Why hasn't there been a lawsuit announced? During the last Quarterly report, the shareholders equity on the balance sheet was $99 million. Then management files bankruptcy without any warning whatsoever, no going concern warning, nothing. Instead, they painted a roisy picture. Also, seems like management is not looking out for shareholders interest by filing Chapter 11. They breached their fiduciary responsibility if shareholders get nothing. I'm wondering what the other major shareholders are doing. I see only 2 major institutional holders selling out, but what about the rest? I think they better come up with a plan lead a shareholder buyout of the company. Just needs a white knight right now. Now I know why the economy is collapsing. Strong companies like this filing for Chapter 11 for no reason. Interest rates are low right now and the company can't even get a refinancing. My disappointment is that the restructuring didn't even have time to take hold. If management is pushing for asset sales so fast, you gotta to ask why? This smells of corruption. The point of Chapter 11 is for the company to be able to run it for a year so that shareholder value is restored, and not to "liquidate". It seems this is like Chapter 7 liquidation covered up using Chapter 11. This does not benefit shareholders at all. Should have delayed sale by at least a year to give them time to restructure, do mass layoffs, cut out all the pork, etc. The money I lost here is not much, but just aggravating to see how shareholders are vulnerable to management's own greed. Just pathetic. I'm waiting for shareholder lawsuit, and if I don't see it, I might start my own class action suit, even though I only own a few shares.
I believe that management knows exactly what they are doing to the shareholders, we need to write the judge, call the sec, and pull out whatever defense that we can to save shareholders from having to write this off as a loss. We could use a leader to help direct us, but I am not a leader. I will contribute and help.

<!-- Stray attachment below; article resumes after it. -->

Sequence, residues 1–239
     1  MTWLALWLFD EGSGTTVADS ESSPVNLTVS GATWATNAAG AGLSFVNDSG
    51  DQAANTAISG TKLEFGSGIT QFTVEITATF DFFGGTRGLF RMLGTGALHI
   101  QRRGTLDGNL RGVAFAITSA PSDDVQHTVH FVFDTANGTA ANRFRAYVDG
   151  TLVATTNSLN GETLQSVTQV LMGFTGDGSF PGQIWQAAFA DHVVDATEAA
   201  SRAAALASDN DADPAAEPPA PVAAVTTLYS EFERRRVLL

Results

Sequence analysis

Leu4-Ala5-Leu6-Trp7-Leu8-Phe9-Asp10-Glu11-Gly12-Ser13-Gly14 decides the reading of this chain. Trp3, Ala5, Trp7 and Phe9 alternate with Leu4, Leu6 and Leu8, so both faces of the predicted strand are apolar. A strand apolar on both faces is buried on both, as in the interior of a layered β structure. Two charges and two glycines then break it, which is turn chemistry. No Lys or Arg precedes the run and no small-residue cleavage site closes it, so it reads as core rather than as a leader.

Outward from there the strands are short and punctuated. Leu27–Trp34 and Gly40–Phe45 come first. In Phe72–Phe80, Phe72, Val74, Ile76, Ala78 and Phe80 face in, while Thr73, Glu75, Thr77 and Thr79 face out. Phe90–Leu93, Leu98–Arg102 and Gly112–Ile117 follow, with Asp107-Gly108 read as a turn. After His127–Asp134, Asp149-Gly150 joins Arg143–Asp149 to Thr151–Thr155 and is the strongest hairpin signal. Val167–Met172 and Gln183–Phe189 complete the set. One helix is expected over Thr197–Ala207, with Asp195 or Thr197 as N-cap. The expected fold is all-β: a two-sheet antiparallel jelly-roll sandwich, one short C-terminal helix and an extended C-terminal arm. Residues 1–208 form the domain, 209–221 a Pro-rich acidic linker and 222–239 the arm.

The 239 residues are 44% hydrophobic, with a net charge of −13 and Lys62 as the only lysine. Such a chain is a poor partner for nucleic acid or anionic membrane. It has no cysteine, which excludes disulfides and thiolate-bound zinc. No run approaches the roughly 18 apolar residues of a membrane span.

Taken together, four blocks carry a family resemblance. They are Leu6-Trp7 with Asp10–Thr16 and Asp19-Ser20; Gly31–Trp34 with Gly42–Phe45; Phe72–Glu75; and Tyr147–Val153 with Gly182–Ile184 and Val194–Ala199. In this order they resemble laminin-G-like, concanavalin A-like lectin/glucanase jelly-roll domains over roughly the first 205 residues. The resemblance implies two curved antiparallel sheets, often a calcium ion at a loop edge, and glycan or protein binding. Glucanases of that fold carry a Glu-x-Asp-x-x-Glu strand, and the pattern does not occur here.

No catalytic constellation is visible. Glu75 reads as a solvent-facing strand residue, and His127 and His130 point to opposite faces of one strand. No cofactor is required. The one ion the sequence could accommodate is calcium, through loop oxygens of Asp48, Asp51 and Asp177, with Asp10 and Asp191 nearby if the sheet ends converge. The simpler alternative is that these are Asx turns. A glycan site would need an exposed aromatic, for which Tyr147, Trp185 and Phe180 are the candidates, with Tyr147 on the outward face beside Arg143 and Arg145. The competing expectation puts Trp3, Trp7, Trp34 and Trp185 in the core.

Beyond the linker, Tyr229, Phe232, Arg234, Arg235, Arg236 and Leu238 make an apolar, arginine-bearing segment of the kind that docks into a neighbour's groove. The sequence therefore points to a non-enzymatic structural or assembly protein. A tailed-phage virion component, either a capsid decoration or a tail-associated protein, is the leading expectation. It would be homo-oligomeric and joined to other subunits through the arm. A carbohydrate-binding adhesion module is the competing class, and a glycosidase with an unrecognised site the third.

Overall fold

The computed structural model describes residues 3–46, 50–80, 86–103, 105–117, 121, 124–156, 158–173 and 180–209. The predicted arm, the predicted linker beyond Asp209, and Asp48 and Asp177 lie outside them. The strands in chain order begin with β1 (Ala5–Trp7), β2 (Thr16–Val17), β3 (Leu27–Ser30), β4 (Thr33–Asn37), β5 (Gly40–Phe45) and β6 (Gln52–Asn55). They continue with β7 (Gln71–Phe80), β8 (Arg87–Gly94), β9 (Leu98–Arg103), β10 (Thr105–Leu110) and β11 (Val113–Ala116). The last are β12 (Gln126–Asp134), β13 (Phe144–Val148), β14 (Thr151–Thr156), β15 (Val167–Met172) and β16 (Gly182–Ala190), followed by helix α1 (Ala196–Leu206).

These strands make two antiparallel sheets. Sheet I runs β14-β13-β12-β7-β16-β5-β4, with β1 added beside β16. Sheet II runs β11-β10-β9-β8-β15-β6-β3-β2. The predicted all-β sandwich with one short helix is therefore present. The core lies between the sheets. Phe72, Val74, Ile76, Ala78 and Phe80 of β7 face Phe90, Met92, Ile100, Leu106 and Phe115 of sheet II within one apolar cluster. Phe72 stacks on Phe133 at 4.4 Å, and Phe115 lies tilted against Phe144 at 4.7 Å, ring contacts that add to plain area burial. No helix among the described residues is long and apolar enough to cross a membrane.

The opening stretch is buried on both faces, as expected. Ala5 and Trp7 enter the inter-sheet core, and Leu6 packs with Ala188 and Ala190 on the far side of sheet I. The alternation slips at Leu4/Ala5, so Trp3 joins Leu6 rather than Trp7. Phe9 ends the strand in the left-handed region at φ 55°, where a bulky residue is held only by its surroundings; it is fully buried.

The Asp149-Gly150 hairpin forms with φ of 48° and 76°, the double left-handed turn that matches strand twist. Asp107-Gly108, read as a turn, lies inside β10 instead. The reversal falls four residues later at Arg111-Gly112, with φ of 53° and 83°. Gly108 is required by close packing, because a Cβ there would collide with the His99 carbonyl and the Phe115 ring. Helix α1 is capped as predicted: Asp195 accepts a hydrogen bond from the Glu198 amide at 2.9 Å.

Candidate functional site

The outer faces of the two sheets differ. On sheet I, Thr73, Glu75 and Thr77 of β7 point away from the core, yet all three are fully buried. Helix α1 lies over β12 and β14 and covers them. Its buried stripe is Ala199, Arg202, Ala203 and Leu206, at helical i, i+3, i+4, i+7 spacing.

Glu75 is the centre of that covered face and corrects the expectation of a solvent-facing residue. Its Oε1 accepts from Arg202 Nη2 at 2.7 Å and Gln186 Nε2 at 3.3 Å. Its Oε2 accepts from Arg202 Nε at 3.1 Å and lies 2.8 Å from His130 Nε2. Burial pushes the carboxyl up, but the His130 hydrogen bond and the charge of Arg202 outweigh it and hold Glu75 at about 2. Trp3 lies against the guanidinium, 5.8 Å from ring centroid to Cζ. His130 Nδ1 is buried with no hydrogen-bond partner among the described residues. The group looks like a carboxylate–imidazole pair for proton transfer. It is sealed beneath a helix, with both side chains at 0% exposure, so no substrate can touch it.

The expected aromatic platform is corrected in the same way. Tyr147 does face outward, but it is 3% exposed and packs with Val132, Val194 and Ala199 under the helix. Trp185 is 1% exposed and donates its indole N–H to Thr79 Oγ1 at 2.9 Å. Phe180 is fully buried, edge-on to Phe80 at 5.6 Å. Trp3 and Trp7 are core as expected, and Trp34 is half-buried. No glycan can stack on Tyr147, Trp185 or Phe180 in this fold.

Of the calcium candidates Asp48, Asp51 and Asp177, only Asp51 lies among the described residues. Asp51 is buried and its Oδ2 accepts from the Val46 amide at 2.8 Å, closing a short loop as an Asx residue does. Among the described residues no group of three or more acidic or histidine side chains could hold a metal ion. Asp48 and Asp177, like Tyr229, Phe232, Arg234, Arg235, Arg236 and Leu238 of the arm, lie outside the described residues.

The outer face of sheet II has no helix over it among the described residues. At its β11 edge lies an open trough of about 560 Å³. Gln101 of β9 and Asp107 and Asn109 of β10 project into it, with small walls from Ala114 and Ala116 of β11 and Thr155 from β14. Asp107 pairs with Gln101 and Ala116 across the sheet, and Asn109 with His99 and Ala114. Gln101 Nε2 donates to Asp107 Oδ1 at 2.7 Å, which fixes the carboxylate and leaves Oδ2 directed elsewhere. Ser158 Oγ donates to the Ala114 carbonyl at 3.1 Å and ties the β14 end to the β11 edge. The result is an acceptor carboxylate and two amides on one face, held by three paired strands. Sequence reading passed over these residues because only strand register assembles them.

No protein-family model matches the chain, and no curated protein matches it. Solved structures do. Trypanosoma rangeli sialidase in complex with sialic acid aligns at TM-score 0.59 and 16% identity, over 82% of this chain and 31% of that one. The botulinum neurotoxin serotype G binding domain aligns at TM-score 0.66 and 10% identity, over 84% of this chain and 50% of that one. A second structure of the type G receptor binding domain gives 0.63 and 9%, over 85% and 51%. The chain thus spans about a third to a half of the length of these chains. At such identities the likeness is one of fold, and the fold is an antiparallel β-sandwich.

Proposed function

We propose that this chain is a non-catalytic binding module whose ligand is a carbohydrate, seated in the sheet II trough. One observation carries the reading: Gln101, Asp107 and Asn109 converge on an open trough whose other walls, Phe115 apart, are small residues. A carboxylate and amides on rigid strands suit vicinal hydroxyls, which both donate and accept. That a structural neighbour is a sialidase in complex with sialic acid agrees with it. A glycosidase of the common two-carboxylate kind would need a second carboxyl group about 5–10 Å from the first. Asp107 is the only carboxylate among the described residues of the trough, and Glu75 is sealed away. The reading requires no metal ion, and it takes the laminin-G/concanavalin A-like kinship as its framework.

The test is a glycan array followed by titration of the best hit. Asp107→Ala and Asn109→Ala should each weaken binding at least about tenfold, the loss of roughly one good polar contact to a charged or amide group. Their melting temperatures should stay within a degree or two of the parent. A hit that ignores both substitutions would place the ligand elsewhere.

Great idea -- but we have time because it will depend on the 'final offer.' For now a simple SEC compliant would do the trick if you can show harm --- 'harm' in SEC lingo means securities fraud.
What really threw me off was I invested in this company because I saw that the institutional and 5% ownership totalled 95%, so I figured that if the institutional investors were still holding, I would be safe. Totally wrong! I didn't expect the institutions to sit on their hands while management cozies up with one of the main creditors to steal the company. Seems like these institutional holders are no better than newbies .. they sell at the first sign of trouble and remain silent while the rug is pulled from under them. So my major lesson here is not even to trust the institutional investor's judgment because they are lame. If these institutional investors don't fight for the shareholders, I don't know who will. So really, have you ever seen a company owned by 95% institutions crash so far so fast. Its simply mind boggling.
I own a whole lot of shares and lost a whole lot of money thus far. I am not going anywhere until it gets closer to the date or until my shares are declared at absolute 0 value. Management has always done the right thing so far. I wouldnt doubt this is all part of the plan. I will say it again. I just might be the one to turn the lights off at this place.
Not so sure if management was sincere?
"Despite the challenging marketplace, we continued to make progress on our turnaround strategy and mid and long term initiatives while staying focused on managing costs," said Michael P. Lavelle, President and Chief Executive Officer.
Further disclosures were required and a follow up to shareholders would have been prudent. Whether necessary disclosures were made are legal and technical issues? The best course is to file a SEC compliant and ask for a stay from the court on the actual sale. To me it appears to be no rush to liquidate the company since its being sold as a going concern, and currently operating with a positive cash flow.